The meaning of the Brown Scapular

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Our Lady of Mt. Carmel statue from Chile (photo in public domain). Her central, flowered garment is her scapular.

Today is the feast of Our Lady Of Mt. Carmel. I’m taking this opportunity to clear up some misconceptions about the Brown Scapular, often called Our Lady’s Habit.

Traditional religious habits include a scapular–a garment worn over the shoulder blades, similar to a long poncho. If you’ve ever seen The Sound of Music, the nuns fold their arms or hands under the front of their scapular.

Legend says that Our Lady appeared to St. Simon Stock, a 13th Century Carmelite friar. She told him that whoever wore the brown scapular of the Carmelites would be saved from Hell. Of course, the scapular she spoke of was the Carmelite habit. Later, smaller versions of the habit were made for people who wanted to be associated with the order.

A later legend claimed that a medieval pope had a vision in which Mary promised that those who wore the scapular would be released from Purgatory on the Saturday after their death. This legend was rejected as false by the Church centuries ago. We don’t know how much about St. Simon Stock is historically accurate. Today, neither the Church nor the Carmelite order teach that Mary made promises to those who wear the scapular. However, the Church does allow individuals who wear it and are truly devoted to Mary to believe she will rescue them from Purgatory on that first Saturday.

The Brown Scapular is not magic

I’ve known people who were not practicing their faith, yet they wore the Brown Scapular. Maybe some of them had a devotion to Mary of sorts. I don’t know. The scapular is not “fire insurance.” It can’t save an unrepentant soul.

Not even the sacraments are efficacious for someone who rejects their essence. Absolution requires contrition. You can’t baptize a person against his will.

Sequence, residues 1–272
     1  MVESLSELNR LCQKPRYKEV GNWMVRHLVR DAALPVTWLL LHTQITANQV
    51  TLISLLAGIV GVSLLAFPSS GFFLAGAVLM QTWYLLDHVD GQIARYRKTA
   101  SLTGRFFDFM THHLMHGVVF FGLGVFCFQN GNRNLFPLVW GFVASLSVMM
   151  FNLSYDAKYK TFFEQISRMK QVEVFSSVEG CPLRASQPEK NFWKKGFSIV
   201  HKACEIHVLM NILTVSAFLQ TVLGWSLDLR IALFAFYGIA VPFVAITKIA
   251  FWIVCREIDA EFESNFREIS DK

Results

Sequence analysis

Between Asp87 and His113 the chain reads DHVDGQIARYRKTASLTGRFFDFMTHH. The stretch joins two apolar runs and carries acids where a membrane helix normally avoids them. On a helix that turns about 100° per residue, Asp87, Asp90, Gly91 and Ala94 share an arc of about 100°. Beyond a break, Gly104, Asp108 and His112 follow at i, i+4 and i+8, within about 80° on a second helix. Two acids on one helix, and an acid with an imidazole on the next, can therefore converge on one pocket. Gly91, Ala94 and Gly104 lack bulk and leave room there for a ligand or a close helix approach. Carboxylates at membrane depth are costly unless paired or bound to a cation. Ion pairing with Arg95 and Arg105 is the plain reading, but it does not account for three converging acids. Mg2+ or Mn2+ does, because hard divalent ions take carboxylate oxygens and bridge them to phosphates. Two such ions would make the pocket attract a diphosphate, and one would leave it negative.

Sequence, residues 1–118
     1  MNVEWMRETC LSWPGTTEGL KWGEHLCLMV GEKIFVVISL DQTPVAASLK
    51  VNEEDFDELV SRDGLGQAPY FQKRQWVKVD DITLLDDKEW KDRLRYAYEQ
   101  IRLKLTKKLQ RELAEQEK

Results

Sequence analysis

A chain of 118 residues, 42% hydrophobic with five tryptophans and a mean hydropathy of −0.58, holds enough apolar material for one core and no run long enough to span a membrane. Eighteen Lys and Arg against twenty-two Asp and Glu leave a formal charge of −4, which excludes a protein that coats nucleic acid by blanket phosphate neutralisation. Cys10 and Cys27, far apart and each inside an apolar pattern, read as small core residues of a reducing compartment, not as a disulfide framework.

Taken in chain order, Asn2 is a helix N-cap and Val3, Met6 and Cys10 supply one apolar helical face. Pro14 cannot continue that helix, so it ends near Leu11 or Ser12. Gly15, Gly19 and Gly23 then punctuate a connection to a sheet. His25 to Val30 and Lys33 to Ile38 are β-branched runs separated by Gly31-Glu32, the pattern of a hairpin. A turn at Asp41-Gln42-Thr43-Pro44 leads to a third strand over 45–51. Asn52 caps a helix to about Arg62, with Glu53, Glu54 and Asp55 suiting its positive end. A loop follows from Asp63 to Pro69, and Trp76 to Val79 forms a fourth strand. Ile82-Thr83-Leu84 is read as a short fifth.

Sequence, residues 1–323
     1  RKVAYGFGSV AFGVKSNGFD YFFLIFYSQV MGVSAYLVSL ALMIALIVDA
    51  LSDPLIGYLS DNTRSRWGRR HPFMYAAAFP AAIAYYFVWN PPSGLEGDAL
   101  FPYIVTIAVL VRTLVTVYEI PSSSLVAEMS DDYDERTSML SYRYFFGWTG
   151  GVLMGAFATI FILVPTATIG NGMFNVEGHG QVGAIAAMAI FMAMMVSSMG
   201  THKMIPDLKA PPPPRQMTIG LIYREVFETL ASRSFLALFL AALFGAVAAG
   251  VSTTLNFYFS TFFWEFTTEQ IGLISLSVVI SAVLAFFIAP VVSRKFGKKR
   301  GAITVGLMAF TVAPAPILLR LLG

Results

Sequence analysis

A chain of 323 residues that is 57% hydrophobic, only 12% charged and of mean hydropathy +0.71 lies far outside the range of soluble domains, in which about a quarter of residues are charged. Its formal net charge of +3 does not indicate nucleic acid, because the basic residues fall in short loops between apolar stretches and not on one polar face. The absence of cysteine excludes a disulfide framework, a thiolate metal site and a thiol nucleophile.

The Brown Scapular is a sacramental. It does not give grace in itself. The grace comes from the devotion with which it is worn.

It is a sign that you practice Carmelite spirituality

Wearing the Brown Scapular shows that at some level you are associated with the Carmelite order. You may be a lay or secular Carmelite, a member of the Confraternity of the Brown Scapular, or simply someone who practices Carmelite spirituality.

A Catechesis on the Brown Scapular, written by the two main branches of the Carmelites in 2000, identifies several ways to practice Carmelite spirituality:

  • frequent participation in the Mass and reception of Holy Communion;
  • frequent reading of and meditation on the Word of God in Sacred Scripture;
  • the regular praying of at least part of the Liturgy of the Hours;
  • imitation of and devotion to Mary, the woman of faith who hears the Word of God and puts it into practice;
  • the practice of the virtues, notably charity, chastity (according to one’s state of life), and obedience to the will of God.

Children and the Brown Scapular

Children used to be enrolled routinely in the Confraternity of the Brown Scapular at their First Communion. Today, the Carmelites discourage this. The reasons for their doing so are already stated above: the scapular is a symbol, does not give grace or save souls in and of itself, and should be accompanied with the practice of Carmelite spirituality.